• Clay-smallest particles from chemical action on silicate-bearing rocks; absorbs and holds lots of water as well as silicon, magnesium, iron and aluminum; forms as a compound that is slippery in consistency. (sorry for the science but we have lots of clay and I found it interesting).

The ideal soil is loam which has equal parts of all three.  Good soil is 30-50% sand, 30-50% silt and 20% clay with 10% organic matter.  So of course I thought I would test my soil and participate in Hanni’s meme.  Our soil is made of that awful heavy clay soil you could make pottery from.  Since I have amended many areas of the garden, I thought let’s see what we have.  I tested the meadow which has a small top coating of peat moss; the veggie garden which is a mix of soil with compost, sand and peat moss; and the soil in the back of the garden where we get standing water (it is clay underneath, but lots of amendments of sand and peat moss on top).

Needed are a glass jar, 1 part soil, 2 parts water and some salt or tablespoon of water softener (as the book directs; which is essentially sodium or salt).  Mix and let settle.  So here is what I found…sand settles first, followed by silt and clay with organic material floating to the top.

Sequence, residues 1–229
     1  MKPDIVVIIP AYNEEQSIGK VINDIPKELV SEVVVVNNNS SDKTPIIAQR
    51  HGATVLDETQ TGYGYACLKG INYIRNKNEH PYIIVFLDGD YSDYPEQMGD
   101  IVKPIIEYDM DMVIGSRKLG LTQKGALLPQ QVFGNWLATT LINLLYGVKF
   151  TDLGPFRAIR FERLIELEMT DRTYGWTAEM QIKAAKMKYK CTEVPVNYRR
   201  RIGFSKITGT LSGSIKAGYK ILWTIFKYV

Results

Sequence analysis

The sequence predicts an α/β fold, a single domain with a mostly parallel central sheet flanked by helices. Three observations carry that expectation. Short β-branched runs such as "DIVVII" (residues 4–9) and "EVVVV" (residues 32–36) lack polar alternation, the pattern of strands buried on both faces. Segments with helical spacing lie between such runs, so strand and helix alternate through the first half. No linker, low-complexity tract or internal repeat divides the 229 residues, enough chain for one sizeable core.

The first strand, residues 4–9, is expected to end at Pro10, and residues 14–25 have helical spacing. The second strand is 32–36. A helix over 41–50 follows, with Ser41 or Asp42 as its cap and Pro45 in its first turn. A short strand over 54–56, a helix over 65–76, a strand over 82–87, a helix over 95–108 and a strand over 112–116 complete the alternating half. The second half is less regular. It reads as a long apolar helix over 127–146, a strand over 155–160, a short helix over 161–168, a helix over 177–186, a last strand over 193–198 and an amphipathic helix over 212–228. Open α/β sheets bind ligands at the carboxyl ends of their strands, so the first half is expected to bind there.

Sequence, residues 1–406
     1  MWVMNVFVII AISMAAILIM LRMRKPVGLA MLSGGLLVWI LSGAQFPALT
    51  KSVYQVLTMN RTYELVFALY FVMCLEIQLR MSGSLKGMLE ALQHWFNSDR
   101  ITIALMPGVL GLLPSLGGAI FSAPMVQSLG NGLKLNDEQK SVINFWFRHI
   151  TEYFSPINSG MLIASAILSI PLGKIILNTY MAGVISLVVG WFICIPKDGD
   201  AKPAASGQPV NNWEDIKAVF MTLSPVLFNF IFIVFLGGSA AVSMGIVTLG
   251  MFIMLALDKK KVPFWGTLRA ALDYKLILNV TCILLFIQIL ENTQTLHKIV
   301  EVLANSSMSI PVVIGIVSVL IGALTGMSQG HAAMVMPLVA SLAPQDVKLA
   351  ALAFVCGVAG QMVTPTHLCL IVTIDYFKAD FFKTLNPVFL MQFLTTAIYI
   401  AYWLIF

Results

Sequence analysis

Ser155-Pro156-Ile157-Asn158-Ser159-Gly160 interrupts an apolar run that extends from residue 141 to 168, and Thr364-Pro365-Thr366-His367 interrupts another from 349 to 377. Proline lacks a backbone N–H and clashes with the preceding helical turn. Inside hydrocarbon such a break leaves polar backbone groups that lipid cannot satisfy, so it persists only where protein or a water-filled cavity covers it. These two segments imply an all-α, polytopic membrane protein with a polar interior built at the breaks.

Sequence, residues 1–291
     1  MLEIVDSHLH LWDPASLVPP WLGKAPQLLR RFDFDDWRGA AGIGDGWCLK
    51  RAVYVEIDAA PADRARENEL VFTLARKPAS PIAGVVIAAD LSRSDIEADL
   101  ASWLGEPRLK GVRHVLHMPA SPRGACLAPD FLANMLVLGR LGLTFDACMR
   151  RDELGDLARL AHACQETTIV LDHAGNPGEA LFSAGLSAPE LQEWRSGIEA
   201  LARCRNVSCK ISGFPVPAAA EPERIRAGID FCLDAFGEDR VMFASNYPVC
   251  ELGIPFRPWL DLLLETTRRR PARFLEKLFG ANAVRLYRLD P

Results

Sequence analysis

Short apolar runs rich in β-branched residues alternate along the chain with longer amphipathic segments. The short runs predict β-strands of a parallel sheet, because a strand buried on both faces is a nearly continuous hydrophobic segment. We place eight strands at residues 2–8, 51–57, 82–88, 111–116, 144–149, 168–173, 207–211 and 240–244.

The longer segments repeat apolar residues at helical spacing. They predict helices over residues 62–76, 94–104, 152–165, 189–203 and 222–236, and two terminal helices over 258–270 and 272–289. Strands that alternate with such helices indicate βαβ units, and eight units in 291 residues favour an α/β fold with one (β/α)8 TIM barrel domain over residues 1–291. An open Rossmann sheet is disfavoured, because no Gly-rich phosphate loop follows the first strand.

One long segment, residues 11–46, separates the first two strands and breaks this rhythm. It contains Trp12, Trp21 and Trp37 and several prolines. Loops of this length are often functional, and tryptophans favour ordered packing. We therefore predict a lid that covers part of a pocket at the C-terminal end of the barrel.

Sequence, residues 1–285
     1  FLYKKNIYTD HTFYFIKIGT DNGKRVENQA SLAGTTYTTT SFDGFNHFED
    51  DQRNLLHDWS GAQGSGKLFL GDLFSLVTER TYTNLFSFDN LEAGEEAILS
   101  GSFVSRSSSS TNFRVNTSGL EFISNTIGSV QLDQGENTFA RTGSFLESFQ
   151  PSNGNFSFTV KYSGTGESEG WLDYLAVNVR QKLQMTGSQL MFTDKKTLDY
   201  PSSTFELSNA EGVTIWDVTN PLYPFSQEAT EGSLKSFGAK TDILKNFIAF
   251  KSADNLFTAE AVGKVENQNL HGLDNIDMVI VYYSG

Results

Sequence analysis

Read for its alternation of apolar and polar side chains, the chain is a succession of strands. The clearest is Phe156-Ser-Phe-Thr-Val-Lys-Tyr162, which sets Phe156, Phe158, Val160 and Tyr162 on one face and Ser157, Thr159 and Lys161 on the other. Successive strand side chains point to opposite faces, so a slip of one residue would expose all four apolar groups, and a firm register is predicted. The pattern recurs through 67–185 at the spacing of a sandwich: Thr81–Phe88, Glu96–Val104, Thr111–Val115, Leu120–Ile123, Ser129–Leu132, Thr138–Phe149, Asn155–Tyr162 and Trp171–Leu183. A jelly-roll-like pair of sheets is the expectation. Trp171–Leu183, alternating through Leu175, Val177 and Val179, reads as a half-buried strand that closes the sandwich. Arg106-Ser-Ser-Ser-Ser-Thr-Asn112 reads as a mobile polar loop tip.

back garden/meadow/veggie garden

The results show an excellent mix for the veggie garden (almost a loam); a decent mix for the back garden, but because of the underlying clay we will have to either further amend (doubtful) or create a rain garden.  The meadow is some sand and silt with large clumps of clay. It is the natural habitat for the native wildflowers planted there, and the early spring bulbs can tolerate it as well so I will only amend a bit when I seed it further.

So what does all this soil testing mean…well it means I have to read the second half of the book to get a better understanding of how to change the soil to help things grow more efficiently.  Of course that will be a later post.

Like the soil, I have found myself recently examining just below the surface of my life to what lies there.  What is the foundation of our life; what lurks beneath the surface that we are willing to look at.  It is not what we are doing, but who we are; the stuff that is so much deeper that I am examining.  There are days I find I just go through the motions; tired, bored, lifeless.  I know this is when I need a break from my routine; time to reconnect with the earth.  With the change in the weather I can now do that in the garden.